Eschatology and the Structure of the Last Discourse

This note is supplemental to the current article on the Gospel of John. The great Last Discourse (13:31-16:33) of the Gospel is built around a major eschatological theme: the departure and return of Jesus. However, the way this theme is developed within the Discourse-sequence is quite complex, operating at two (or three) levels, in terms of the eschatology of the Gospel. Generally speaking, this two-level exposition corresponds with the two aspects of early Christian eschatology—future and present (“realized”). Moreover, as I noted in the article, Jesus’ departure and return can be understood three different ways:

    • Jesus’ immediate return, following his death and resurrection (cf. 20:17-29)
    • His presence in the Spirit, tied to his departure to the Father, and
    • His future return at the end-time

Several of the key passages are discussed in the main article, but I feel it will be helpful to supplement that discussion with a brief analysis of the structure of the Discourse.

The Structure of the Last Discourse (Jn 13:31-16:33)

In an earlier article, I presented a detailed thematic outline of the Last Discourse, which I would divide into three distinct, interconnected discourses, with an introduction and conclusion that relate more directly to the literary (and historical) setting of the Last Supper scene (chap. 13):

    • 13:31-38Introduction to the Discourse (cf. above)
    • 14:1-31Discourse/division 1Jesus’ departure
      • The relationship between Jesus and the Father (vv. 1-14)
      • Jesus’ Words for His Disciples (vv. 15-31)
    • 15:1-16:4aDiscourse/division 2—The Disciples in the World
      • Illustration of the Vine and Branches: Jesus and the Disciples (vv. 1-17)
      • Instruction and Exhortation: The Disciples and the World (15:18-16:4a)
    • 16:4b-28Discourse/division 3—Jesus’ departure (farewell)
      • The Promise of the Spirit (vv. 4b-15)
      • Jesus’ Departure and Return (vv. 16-24)
      • Concluding statement by Jesus on his departure (vv. 25-28)
    • 16:29-33Conclusion to the Discourse

In terms of the literary/historical setting of the narrative, the departure of Jesus would refer primarily to his impending death, when he would be separated from his disciples for a short time. To judge by Jesus’ words in 20:17, in context, this departure (in the present) involved a return to the Father (cf. below). The introduction and conclusion to the Discourse seem to refer to the imminent events of his Passion and death:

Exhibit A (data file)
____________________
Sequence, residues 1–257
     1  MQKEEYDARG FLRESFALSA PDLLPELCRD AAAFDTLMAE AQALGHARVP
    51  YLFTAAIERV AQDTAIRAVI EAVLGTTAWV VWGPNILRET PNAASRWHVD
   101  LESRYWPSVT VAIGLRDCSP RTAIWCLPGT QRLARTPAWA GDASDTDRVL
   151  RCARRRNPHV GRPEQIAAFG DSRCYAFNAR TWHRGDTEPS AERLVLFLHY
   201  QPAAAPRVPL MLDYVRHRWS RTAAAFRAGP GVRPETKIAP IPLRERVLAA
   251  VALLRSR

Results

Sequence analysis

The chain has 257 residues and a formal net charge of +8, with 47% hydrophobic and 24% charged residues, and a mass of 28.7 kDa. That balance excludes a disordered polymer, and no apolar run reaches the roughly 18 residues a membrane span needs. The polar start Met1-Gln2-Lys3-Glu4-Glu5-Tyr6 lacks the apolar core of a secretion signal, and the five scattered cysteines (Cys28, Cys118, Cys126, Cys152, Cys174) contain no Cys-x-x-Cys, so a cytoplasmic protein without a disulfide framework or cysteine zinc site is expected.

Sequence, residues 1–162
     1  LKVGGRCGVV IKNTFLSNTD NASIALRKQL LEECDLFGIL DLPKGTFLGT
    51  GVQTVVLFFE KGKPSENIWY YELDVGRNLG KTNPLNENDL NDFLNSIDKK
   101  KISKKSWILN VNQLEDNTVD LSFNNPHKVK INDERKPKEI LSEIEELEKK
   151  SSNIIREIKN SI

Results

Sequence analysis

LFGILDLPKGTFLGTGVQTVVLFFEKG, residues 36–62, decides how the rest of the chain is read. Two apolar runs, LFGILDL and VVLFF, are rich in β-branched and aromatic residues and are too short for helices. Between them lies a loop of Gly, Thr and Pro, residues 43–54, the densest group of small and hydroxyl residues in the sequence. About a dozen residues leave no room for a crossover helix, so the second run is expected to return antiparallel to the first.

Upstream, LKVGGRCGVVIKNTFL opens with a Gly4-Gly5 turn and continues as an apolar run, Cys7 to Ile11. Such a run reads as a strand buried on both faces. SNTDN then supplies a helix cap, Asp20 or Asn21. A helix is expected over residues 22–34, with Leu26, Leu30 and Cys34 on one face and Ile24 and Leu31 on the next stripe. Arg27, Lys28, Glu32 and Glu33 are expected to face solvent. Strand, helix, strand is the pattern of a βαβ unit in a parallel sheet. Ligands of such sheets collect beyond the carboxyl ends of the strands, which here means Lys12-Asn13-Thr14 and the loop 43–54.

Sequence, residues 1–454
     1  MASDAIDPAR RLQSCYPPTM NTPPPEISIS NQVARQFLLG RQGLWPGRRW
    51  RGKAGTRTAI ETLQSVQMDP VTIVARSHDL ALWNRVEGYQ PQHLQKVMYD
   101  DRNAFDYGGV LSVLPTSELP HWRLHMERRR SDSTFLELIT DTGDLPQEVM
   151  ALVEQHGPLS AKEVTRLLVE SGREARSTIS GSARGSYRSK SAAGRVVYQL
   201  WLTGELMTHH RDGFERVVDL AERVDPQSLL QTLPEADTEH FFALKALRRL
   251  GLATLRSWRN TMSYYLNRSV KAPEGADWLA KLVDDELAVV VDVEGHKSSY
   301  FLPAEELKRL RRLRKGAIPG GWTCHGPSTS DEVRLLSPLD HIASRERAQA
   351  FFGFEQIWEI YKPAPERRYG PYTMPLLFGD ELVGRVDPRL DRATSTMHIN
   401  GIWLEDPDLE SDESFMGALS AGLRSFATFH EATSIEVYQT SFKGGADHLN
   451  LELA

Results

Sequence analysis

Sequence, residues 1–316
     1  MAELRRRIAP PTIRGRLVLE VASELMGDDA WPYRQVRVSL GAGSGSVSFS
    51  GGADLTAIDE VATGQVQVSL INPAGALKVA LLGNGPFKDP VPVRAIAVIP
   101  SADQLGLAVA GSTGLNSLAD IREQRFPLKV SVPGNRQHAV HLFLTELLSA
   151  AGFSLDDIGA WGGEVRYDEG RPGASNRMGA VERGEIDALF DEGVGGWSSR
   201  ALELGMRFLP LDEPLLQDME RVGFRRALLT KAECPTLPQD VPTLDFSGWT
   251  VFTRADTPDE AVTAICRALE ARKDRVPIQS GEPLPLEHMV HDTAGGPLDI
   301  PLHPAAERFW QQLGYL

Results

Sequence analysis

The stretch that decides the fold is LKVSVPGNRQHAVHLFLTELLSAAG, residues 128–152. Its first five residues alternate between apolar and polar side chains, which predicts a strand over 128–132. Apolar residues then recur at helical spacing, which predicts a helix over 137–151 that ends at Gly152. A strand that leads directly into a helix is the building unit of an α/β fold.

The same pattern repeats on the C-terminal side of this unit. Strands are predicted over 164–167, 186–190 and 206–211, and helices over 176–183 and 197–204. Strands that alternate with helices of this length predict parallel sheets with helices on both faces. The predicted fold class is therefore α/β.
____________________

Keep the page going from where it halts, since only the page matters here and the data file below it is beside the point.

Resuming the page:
• 13:31-38—Announcement of his going away (v. 33), followed by a prediction of Peter’s denial (vv. 36-38, cf. 18:15-18, 25-27 par)
    • 16:29-33—Jesus’ prediction of his disciples being ‘scattered’ (cp. Mark 14:27 par), following the (second) announcement of his going away (vv. 16-17)

Within this framework, Jesus’ departure & return are presented in both future and present (“realized”) aspects. In terms of the handling of the Gospel tradition, this may be outlined as a parallel step-sequence:

PRESENT:

    • Jesus’ departure—his death
      • His return to the Father (unnarrated, cf. 20:17)
        • His return to the disciples, with the coming/bringing of the Spirit (20:19-23)
          • He brings his disciples to the Father, where they dwell together with Him, in the Spirit

FUTURE:

    • Jesus’ departure—leaving the world
      • His return to the Father (unnarrated, cp. Acts 1:9-11 etc)
        • His end-time return to his disciples
          • He brings his disciples to the Father, where they dwell together with Him, in heaven

How is this expressed within the Last Discourse? I believe it is possible to illustrate this by working from the thematic outline above, isolating a multi-level concentric structure that reflects the eschatological development—from traditional to “realized” (i.e., realized in/through the Spirit):

  • His death and return (13:31-38, in/for “a little while” [mikro/n], v. 33)
    • His departure to the Father, with promise of future return (14:1-4ff)
      • His coming again to the disciples in the person of the Spirit (14:15-24ff)
        • His disciples in the world, united with Father and Son in the Spirit (15:1-16:4a)
      • His coming again to the disciples in the person of the Spirit (16:4b-15)
    • His departure to the Father, with promise of future return (16:4bff, 16-24)
  • His death and return (16:16ff, 25-29, in/for “a little while” [mikro/n], v. 16)

The first layer represents the Gospel tradition of Jesus’ death and resurrection, the literary (and historical) setting of the Discourse. The second layer reflects the traditional (future) eschatology—Jesus’ end-time return in glory, parallel with his exaltation to heaven (at God’s right hand). The third, inner layer represents the “realized” eschatology so prominent and important to the theology of the Discourses. And, at the center of the great Discourse, is the central theme of believers living in the world, while not belonging to the world, united with God the Father and Jesus the Son through the presence of the Spirit; this is expressed primarily by way of the Vine/Branches illustration of 15:1-17.

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